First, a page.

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This first aired in 1997, but I feel fairly certain that I didn't see it until at least a few years later, probably. (So that would have been the early 2000s, possibly before I started writing reviews.) I'm writing this review in 2017, after watching the movie on DVD. It was pretty ridiculous, but I liked it more than I expected to.

It begins with a monster movie, which a couple of 12-year-old kids named Marshall and Gilbert are watching in a theater. (Gilbert is played by Adam Wylie, who was familiar to me from Picket Fences.) Marshall is a big horror movie fan (we'll later see that his bedroom has hardly any space that isn't filled with memorabilia), but Gilbert is scared of practically everything, and leaves the movie early. After the movie is over, Marshall joins Gilbert, and while talking on the walk home, he learns that Gilbert has been delivering newspapers to a creepy man named Mr. Kubat and has been too scared to collect payment for the past two years. So he insists they go to the man's house (even though it's kind of late at night; I would have at least waited til morning) to collect payment. But that doesn't happen, because Kubat has a dog that scares them both away. A couple days later, at school, their friend Amy tells them that Kubat had died, and that her mom, a realtor, is selling his house. Amy and Marshall convince Gilbert to go with them to check out the house that night, and while breaking into the basement, they inadvertently knock over an Egyptian sarcophagus, which allows the lid to open part way. When the moonlight shines onto the hand of the mummy within, it awakens. The kids don't realize this at first, but when they go back to look for Gilbert's lost glasses, the mummy chases them... and then returns the glasses. So they come to realize the mummy is friendly and lonely. (He can only grunt, but Marshall later claims to understand what he's saying. And occasionally, when he says very simple things, it's obvious what his grunts mean.) They eventually end up naming the mummy "Harold."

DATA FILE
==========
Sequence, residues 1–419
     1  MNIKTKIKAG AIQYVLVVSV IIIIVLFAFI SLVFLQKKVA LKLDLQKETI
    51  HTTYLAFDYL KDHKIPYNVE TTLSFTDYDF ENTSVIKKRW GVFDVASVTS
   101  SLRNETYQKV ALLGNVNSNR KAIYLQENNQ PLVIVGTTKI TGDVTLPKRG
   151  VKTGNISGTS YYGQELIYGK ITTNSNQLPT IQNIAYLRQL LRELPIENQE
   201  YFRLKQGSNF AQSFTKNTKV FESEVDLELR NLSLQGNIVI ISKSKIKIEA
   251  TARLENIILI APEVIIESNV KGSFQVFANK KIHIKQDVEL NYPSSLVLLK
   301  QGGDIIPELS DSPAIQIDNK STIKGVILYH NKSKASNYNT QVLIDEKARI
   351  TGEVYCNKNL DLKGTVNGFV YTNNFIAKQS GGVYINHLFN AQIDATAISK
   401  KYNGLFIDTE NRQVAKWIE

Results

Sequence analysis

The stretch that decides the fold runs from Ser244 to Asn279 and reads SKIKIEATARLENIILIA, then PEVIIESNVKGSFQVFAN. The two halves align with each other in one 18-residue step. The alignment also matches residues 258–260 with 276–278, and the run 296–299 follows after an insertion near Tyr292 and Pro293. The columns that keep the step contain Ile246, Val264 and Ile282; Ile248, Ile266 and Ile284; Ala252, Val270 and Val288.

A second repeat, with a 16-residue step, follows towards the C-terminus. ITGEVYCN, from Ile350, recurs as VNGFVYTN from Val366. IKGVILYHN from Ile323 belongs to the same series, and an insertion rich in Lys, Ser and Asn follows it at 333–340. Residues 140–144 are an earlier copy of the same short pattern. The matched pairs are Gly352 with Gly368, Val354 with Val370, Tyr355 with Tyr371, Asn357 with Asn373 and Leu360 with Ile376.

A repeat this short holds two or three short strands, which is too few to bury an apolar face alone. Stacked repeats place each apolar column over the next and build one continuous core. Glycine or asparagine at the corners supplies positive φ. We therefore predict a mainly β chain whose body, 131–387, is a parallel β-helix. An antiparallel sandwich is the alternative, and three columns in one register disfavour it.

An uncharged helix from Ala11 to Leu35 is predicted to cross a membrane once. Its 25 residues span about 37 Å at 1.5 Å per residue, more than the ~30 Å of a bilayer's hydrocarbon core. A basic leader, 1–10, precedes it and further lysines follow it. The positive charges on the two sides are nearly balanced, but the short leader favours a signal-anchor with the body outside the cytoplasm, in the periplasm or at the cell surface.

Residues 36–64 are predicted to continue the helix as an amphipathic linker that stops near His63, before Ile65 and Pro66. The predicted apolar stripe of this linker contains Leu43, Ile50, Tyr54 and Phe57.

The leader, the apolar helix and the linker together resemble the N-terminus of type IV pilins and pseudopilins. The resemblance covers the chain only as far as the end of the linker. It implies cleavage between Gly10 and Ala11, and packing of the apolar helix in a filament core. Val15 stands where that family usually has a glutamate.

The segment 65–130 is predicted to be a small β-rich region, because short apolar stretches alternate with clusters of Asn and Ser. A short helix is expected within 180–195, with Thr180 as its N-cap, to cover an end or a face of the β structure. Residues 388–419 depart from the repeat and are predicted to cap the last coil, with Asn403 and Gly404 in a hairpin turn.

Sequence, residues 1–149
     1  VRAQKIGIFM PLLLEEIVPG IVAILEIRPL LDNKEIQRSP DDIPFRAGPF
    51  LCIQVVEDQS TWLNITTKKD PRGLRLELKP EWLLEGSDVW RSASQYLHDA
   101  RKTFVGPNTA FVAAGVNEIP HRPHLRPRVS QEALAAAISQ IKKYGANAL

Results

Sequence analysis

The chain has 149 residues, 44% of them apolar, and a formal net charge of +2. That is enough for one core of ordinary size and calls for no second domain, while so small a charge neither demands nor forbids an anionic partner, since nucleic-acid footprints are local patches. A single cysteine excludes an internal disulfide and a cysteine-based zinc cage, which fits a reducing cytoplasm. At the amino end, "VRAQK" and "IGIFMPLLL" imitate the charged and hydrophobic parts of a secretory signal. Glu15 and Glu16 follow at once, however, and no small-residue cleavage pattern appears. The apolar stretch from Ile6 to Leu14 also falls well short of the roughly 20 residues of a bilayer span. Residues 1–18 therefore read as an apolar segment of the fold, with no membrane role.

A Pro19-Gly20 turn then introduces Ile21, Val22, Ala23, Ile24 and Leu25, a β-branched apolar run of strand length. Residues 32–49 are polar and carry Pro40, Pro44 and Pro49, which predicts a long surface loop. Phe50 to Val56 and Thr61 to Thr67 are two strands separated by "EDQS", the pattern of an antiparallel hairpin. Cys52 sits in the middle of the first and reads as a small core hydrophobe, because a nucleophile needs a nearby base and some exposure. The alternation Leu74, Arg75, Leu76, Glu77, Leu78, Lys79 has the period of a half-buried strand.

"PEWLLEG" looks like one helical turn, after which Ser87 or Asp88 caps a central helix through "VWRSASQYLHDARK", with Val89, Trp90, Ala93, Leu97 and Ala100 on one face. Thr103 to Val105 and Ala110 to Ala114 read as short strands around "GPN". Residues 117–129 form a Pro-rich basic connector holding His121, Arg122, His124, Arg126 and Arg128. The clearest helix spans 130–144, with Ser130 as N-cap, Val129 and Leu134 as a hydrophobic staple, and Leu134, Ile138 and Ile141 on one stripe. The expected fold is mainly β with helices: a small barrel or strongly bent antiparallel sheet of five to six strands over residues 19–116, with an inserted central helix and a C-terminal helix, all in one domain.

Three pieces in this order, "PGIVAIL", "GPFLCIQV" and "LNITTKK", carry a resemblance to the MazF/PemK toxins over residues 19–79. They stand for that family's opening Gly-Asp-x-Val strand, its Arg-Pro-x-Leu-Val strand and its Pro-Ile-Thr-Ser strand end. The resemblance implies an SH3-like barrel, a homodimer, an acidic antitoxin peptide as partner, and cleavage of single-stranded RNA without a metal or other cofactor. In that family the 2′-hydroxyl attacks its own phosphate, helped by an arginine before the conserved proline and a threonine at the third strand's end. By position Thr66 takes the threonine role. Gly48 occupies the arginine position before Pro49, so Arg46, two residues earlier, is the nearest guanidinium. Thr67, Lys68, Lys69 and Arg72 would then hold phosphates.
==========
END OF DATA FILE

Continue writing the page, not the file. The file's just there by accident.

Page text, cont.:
Meanwhile, Marshall's mother (Corinne Bohrer), is divorced, and dating a man named Ted (Bill Fagerbakke, who also plays Harold). Marshall isn't happy about the relationship, even though he thinks Ted is a nice guy. He just doesn't want his dad to be replaced by anyone. (I found it rather ironic that he ends up becoming so attached to Harold, considering it's the same actor, albeit completely unrecognizable.) Anyway, Marshall takes Gilbert and Amy to meet a friend of his named Bruce, who runs the horror memorabilia shop where Marshall gets all his stuff. They ask him what he knows about mummies, and he reads a myth from a book that talks about how a mummy can be reawakened, by the light of a full moon around the time of some kind of festival of the dead, or whatever. And as it happens, it's currently a few days until Halloween (which isn't technically the time of year the book was talking about, I don't think, but since it's the same idea, it works the same way). And the book says that if the mummy doesn't return to its sarcophagus by midnight of that holiday, it will turn to dust. Of course the kids don't tell Bruce about Harold (yet). But they have a problem, because the day after they met Harold, all the stuff from the basement, including the sarcophagus, had disappeared. So... I'm probably forgetting the order in which some things happened. But Harold was wandering around town, so they had to track him down. And then they also have to find out what happened to his sarcophagus.

And... I guess I'll leave out any more details, to avoid spoilers. But I did think it was kind of funny. I will say I thought a couple of Amy's jokes were mildly risqué for her age (and the movie's target audience). And occasionally her snarkiness could veer into just plain meanness. But for the most part I thought she was probably the best character in the movie.


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